Home to some of the most recognizable faces in human history, the remote Chilean Easter Island lies quietly in the Southeastern Pacific Ocean with its surface marked with 887 rock carvings of heads. The heads are called moai, and they stand up to 30 feet tall and weigh up to a staggering 82 tons. They were carved by the Rapa Nui people between 1250 and 1500 CE to deify ancestors, and positioned to gaze out over ancestral lands. They were carefully and delicately carved out of solid stone, and incredibly moved to their final locations. But, as impressive as all of that is is alone, the heads hold deeper secrets.
Just below the surface, where you would expect the carvings to end, they continue deep into the ground – many of the heads are part of complete bodies. The bodies aren’t seen simply because they have been buried over the many centuries since their creation. These hidden bodies are covered in petroglyphs, images created by removing part of a rock surface, that can’t be deciphered.
When new, the statues would have also been decorated with eyes made from white coral. The eyes of the statue below have been reconstructed. It’s believed that the inhabitants of the island would have been able to identify who the statue represented when it was built.
While most moai rest near the coast and look over the water, the particular group below lies inland. The significance of these heads are yet unknown as well.
These still standing rock carvings represent a once thriving culture. Sometime around 1500, construction of the moai suddenly stopped. The people’s religion shifted, too, from ancestor worship to a religion that worshipped a half-man, half-bird figure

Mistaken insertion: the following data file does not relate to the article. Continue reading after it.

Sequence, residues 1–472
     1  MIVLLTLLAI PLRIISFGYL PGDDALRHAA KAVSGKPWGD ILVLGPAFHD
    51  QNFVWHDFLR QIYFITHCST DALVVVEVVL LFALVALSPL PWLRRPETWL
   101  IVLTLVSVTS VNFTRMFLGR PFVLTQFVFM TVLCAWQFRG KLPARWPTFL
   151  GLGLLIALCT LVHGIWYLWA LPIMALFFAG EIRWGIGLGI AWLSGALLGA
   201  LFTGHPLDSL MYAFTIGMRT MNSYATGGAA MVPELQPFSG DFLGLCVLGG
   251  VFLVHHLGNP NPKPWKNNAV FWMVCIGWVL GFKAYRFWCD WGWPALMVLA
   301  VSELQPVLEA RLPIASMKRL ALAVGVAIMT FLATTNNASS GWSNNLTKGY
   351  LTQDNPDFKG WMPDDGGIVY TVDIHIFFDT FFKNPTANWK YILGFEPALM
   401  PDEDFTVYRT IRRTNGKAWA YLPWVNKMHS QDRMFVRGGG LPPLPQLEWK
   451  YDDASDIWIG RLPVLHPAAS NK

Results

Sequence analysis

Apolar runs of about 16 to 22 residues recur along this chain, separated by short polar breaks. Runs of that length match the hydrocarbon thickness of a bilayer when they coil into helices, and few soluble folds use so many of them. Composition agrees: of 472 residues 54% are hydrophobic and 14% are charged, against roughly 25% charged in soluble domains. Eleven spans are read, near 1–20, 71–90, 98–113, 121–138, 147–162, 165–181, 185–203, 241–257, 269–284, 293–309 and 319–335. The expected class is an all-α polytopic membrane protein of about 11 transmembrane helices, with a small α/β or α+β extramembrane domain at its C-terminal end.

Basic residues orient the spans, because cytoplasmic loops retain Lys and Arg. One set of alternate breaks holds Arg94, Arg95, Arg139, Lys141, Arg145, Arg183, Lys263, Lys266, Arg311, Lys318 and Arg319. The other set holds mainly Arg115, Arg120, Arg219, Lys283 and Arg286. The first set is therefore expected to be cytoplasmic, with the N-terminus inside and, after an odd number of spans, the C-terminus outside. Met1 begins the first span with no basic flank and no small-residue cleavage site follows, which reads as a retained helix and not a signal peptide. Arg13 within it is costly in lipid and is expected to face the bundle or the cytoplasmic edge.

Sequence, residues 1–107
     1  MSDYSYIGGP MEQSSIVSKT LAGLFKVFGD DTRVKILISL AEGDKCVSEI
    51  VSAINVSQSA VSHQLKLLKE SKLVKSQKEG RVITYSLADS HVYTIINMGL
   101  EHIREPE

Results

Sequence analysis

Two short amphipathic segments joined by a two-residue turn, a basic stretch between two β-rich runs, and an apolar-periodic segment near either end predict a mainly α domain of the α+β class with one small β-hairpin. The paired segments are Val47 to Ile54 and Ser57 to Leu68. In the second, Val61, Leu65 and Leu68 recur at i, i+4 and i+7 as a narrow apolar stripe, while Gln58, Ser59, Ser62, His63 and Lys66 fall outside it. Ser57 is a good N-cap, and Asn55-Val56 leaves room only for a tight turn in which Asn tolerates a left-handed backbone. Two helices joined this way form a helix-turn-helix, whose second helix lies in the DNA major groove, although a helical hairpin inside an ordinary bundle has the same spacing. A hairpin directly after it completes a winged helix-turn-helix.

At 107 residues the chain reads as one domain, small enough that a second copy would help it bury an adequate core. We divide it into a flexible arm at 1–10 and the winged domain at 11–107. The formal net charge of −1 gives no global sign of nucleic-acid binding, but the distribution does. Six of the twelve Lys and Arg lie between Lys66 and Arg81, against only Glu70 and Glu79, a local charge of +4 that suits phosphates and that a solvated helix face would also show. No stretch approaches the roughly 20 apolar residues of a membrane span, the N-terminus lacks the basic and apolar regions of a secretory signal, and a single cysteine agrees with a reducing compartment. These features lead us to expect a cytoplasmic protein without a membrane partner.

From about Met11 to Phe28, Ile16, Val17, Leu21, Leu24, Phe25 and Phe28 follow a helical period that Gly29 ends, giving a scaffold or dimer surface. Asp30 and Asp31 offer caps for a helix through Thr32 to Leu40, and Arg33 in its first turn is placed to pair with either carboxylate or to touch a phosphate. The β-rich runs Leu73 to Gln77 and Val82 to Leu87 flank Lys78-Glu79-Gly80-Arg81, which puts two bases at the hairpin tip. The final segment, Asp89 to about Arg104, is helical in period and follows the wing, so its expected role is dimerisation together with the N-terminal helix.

By the time of the of European arrival in 1722, the introduction of the Polynesian rat and overpopulation led to gradual deforestation and extinction of natural resources which severely weakened the Rapa Nui civilization. They were further crippled by fighting between clans.
The island’s population reduced to around 2,000–3,000 from an estimated high of approximately 15,000 just a century earlier.
The introduction of European diseases and Peruvian slave raiding in the 1860s further reduced the Rapa Nui population to a low of only 111 inhabitants in 1877.
Today, the island is still inhabited and stands as one of the most remote inhabited islands in the world. There are currently around 5,800 residents, of whom some 60 percent are descendants of the aboriginal Rapa Nui. Because of the rapid decline of the population and an influx of Christian missionaries who repressed native traditions, much of the information about the history of Easter Island was lost. Researchers continue to work to put the pieces back together, but there is much they may never fully uncover.